Made in the Tri-States: Lancaster manufacturer builds solutions, helps others in the industry

Tony Gundlach assembles a component for a custom CNC machine at Lancaster Machine & Tool on Thursday, Oct. 26, 2017, in Lancaster, Wis. PHOTO CREDIT: NICKI KOHL

LANCASTER, Wis. — The products made at Lancaster Machine & Tool rarely, if ever, make it to the shelves of a retail store or a consumer’s household.

During the past two decades, however, the business has carved out a large customer base by appealing to a specific kind of client.

“We are a manufacturer that makes things for other manufacturers,” said owner Mark Schwab. “We create parts and we automate processes that make it possible for other businesses to make their products.”

Lancaster Machine & Tool, located at 1900 Industrial Park Road, counts A.Y. McDonald, General Motors, Ford and Harley-Davidson among its major clients.

Schwab said the company creates a wide range of specialty parts, including fixtures that serve as key components of many manufacturing processes. Fixtures are used to secure parts in a specific location during manufacturing work, he said.

In addition to making these products, Lancaster Machine & Tool engineers items that clients need.

Schwab said this is a far cry from what the company did when it was founded in 1995.

“It has all changed so much,” he recalled. “Back when we began, the manufacturers did their own design work, gave me a blueprint and I would machine the parts. Now we design a part for them and create the part. We take care of every step in the process.”

GROWING COMPANY

As Lancaster Machine & Tool has expanded its capabilities, the company has diversified its workforce.

Schwab said the business now employs mechanical engineers, machinists, welders, fabricators and PLC (Programmable Logic Controller) programmers.

The expansion of the company’s duties and its growing client base have resulted in a slow, steady pattern of workforce growth.

“Back when we started, it was just me,” Schwab said. “Now we are up to 27 employees.”

The steady growth of Lancaster Machine & Tool has been evident in its facility as well.

Schwab said that the company started operating out of a rented building in the city’s downtown in 1995. Four years later, the business moved to its current location.

During the past 18 years, Schwab has expanded the facility four times. He said a fifth expansion could be on the horizon, potentially allowing the business to add to its workforce.

Ron Brisbois, executive director of Grant County Economic Development Corp., said this kind of growth is an example of how the county’s economy can thrive.

“That is the type of growth we are hoping to see,” Brisbois said. “You are not going to see a business come in (to Grant County) and create 150 jobs all at once. Instead, this area will see slow and steady growth, (with businesses) adding a few people at a time and continuing to expand. This is a company that treats people well, has low turnover rates and is achieving economic growth that way.”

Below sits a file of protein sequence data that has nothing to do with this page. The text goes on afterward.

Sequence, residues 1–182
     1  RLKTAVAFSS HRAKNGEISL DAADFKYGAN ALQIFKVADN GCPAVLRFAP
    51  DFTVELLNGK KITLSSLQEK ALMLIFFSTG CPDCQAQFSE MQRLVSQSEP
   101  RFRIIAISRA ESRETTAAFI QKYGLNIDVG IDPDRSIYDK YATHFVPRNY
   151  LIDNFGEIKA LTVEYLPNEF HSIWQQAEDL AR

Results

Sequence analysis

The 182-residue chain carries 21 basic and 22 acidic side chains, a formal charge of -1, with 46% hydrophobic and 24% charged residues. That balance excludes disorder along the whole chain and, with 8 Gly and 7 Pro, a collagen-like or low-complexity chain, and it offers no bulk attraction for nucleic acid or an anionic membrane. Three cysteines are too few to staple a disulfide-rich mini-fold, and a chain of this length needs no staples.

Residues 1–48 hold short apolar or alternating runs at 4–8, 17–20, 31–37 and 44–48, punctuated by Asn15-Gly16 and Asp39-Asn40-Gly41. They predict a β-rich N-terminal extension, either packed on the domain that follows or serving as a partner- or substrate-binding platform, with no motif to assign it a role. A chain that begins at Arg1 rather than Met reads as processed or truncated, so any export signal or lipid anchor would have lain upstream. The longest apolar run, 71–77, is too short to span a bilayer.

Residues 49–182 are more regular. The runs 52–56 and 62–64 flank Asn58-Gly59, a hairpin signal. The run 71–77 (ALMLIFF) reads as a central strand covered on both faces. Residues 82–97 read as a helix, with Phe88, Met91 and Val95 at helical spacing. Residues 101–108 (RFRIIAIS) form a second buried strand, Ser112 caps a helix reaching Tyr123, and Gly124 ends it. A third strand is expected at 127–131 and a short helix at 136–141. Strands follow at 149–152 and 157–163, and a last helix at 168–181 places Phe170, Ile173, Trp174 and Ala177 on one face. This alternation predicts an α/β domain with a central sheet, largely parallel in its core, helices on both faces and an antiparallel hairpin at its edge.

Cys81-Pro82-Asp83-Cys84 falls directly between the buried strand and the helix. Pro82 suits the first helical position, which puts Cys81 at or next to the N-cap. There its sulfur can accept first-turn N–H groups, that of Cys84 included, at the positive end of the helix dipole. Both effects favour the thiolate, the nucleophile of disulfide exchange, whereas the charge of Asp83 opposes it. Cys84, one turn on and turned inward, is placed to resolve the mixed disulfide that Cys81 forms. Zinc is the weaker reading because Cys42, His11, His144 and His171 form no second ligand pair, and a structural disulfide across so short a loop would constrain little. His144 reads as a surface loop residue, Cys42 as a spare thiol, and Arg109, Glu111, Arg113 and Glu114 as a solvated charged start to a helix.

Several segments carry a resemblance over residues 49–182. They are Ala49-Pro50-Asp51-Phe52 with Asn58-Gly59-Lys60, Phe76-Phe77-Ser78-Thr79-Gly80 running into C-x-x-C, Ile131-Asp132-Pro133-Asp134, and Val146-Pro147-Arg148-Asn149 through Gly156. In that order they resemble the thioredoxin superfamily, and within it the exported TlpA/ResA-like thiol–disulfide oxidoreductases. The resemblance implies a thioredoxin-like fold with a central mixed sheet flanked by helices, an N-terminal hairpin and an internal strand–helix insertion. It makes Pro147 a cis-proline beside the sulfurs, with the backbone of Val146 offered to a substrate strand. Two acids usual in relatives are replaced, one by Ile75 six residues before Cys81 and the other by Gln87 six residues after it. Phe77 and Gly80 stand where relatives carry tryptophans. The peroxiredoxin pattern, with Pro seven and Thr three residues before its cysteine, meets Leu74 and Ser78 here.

FILLING THE NEED

Schwab believes recent changes in the manufacturing industry, as well as the local economy, could position his company for more growth in the future.

“A lot of manufacturers these days are expanding, but they cannot find the help,” Schwab said. “So what they want to do is automate a lot of their processes.”

Through the years, Lancaster Machine & Tool has evolved into the kind of company that can meet that complex need. Schwab said the company’s employees take pride in being a “one-stop shop,” where workers can handle every step of the process.

As companies seek increased automation, Schwab and his team are capable of designing a new machine and bringing that item to life.

Schwab described his company as a “job shop,” noting that the nature of the work keeps things interesting for him and his team.

“We are always making something different every time,” Schwab noted. “We don’t mass produce any one product.”

Brisbois noted that the company’s diversity isn’t limited to its products. In his view, Lancaster Machine & Tool has positioned itself for long-term success by amassing a wide range of customers.

“They aren’t limited to one industry and they’ve built up a diverse base of clients,” Brisbois said. “A company is stronger when they don’t put all their eggs in one basket.”

Brisbois said the success of Lancaster Machine & Tool also has strengthened the businesses around it. For example, Alternative Recycling in Lancaster uses scrap metal produced by Schwab’s business.

“Several local businesses work directly with Lancaster Machine & Tool and that is a big deal,” Brisbois said. “With a company like that, it is like throwing a pebble in a pond. There are waves of economic impact.”